All of sudden comes the realisation it’s only 8 weeks to Christmas, or as those of us in business think – there’s only 6 weeks left till the end of the year.
That begs the question… When should we start the Christmas music?
The answer lies in what your business does and who it serves. Every year we talk about how much earlier Christmas arrives. This is prompted by brands competing to be the ‘memorable’ campaign of the season. While some wonder who will win the X Factor or Strictly and, for music lovers, who will be Christmas No.1, big brands like M&S, John Lewis, Argos etc. look to claim their No.1 spot, defining and putting their signature on your Christmas, and aligning your festive shopping experience to their brand and brand values.
As we get ready for Halloween, now is when most mainstream Christmas media campaigns launch. Normally the first TV or radio ad leads other businesses to consider when they should put their Christmas theme and music live.
This got me thinking . . . when is the right time to put on the Christmas music in shopping malls?
For SME type businesses, is it to show that the business is cool, progressive and in tune, to differentiate itself from its competitors that don’t? There is certainly no shortage of critics, or self-declared “Christmas haters”.
The answer, I feel, lies in understanding who benefits from the Christmas music? Who are your customers and where will they hear your music?
The Christmas effect
Examples help us understand who the music is for and how to optimise the experience. How do you transform your typical shopping centre into a winter wonderland, full of splendour and connect to your shoppers? Aside from the grotto, lights and decorations, it’s simple – music!
If you want to evaluate how important music is to your environment, remove it, and observe it with and without its music. This Christmas when you’re shopping stop and notice what is playing, and what the ambiance would be without it?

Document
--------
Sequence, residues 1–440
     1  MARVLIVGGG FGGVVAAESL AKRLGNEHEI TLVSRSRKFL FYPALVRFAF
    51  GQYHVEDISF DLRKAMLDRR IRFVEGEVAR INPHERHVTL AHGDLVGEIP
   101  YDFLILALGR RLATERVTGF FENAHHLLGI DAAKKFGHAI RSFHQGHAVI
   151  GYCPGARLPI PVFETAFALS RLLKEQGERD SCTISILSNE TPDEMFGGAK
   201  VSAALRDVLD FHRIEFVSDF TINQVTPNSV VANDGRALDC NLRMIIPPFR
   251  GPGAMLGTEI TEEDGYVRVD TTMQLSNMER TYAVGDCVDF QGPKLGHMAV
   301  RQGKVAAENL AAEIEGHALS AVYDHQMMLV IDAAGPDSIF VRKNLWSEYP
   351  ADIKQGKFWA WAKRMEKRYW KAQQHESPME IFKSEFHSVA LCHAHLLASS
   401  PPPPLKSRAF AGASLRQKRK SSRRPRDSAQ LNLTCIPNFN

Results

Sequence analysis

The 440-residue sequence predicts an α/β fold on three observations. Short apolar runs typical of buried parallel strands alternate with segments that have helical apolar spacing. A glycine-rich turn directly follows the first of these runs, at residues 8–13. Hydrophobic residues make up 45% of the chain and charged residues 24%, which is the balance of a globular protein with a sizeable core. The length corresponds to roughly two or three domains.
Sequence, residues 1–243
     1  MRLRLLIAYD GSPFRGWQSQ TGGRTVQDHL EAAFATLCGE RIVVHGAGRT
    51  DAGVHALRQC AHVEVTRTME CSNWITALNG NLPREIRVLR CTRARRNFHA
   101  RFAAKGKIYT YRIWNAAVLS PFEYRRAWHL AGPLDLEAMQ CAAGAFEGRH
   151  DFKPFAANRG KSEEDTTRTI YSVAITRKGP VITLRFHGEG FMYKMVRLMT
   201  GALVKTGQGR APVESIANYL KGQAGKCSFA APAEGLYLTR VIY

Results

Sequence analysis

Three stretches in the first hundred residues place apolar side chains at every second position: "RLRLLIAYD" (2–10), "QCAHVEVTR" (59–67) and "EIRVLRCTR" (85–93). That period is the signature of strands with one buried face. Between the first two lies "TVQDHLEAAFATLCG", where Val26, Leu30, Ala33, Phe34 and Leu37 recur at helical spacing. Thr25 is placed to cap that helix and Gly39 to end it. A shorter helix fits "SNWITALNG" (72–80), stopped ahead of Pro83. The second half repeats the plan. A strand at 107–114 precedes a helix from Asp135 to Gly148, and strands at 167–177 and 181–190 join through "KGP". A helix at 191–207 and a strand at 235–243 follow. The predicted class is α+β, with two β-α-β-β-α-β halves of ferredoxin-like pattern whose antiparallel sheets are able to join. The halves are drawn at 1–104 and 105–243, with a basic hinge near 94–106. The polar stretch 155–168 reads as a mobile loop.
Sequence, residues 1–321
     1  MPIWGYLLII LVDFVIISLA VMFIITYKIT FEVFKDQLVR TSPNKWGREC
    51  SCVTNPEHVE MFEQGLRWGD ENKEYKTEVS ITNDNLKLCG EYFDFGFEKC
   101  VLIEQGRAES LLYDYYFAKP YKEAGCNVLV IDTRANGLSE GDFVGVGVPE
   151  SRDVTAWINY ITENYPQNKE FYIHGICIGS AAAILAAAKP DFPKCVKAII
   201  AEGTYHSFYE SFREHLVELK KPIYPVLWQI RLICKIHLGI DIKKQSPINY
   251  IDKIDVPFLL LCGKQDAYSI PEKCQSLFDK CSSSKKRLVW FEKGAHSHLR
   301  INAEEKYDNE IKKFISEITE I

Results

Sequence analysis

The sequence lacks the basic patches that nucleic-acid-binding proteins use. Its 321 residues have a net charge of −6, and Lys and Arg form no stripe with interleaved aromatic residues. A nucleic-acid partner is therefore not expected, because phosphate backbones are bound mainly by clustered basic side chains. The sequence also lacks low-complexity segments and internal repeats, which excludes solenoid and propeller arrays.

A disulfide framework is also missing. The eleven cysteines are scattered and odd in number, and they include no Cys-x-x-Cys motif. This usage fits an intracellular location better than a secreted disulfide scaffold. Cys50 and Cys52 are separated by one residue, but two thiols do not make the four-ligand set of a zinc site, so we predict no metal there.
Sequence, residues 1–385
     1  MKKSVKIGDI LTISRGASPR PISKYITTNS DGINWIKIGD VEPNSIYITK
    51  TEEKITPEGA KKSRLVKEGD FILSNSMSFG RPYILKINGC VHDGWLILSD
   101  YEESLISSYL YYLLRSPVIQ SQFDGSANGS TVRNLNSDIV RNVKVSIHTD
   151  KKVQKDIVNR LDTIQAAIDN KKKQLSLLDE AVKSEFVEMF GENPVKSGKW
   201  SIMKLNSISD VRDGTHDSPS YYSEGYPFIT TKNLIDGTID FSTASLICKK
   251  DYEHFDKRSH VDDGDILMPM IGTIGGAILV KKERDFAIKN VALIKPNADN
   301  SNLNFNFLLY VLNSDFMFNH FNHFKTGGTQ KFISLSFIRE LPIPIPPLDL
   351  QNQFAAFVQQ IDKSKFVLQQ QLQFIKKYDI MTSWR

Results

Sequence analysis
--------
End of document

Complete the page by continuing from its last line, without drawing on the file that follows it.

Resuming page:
Timing is key
For many of the centres we work with, Festive music begins around the Christmas Light Switch on, a defining day in the launch of the Christmas shopping season!
This usually starts around the 15th November (or slightly earlier for those eager beavers!). From here, the music plays right up to the 25th and for some into the New Year.
This creates an interesting dilemma – ‘When does the Christmas music actually stop?’ Retail suggests that Christmas ends on the 25th/26th of December. However, don’t the 12 days of Christmas start from the 25th?
In retail, we can establish that Christmas music will begin around the 15th Nov, ending by the 25th or 31st December. The critical key, however, is the execution.
Who are you playing your Christmas music to?
Customers of course! Is that what you thought? Well yes, generally you’re right, but that’s not all.
Did you think about your staff? They are perhaps the most important consideration when choosing when and how to play the music. Staff are your first line of contact with customers, and the human factor can influence whether your customers have a good or poor engagement with your brand.
Your staff are your brand ambassadors and the key to your sales success. There’s a lot of well-established research that links the effect of music on behaviour. Get your in-store music wrong and the downside is significant. Staff retention, motivation and behaviour are influenced by in-store music, and this behaviour can impact the consumers’ purchasing decision.
Before you press play, consider what 18 tracks of Christmas songs on repeat will do to your staff. We’re all familiar with the Chinese water torture routine – you leave someone in a room with a tap dripping all day and night! Looped CDs in retail are the modern-day equivalent in the retail context.
Music speaks volumes
Make your music varied, non-repetitive and refreshing! Equally, how do you define your Christmas music? Pop culture offerings, or classic Christmas tunes?
Transition for effective delivery of Christmas music
Slowly introduce the theme and the music. Don’t rush to put 100% Christmas music on the 1st of November or even the 1st of December. Slowly introduce your music into the mix of the other music playing up to Christmas Day.
At OnBrand, we suggest beginning with 25% Mid to End-November, early December increase it to 50% and save the all-out Christmas content till perhaps the 15th December, when your staff and customers are more willing to accept 100%.
There are many factors to consider before turning up the tunes.
Ask yourself: Which channel will you look to play music into? What does your business do, and who are its customers? Who will hear the music, and how long will they be exposed to it? What type of content is right for you to play?
Avoid CDs, loops and repetition, and ensure you create an engaging and relevant experience for your audience. Finally, ensure you know when your music should revert to its normal pattern.
And you thought the recipe for Christmas pudding was the real Festive debate?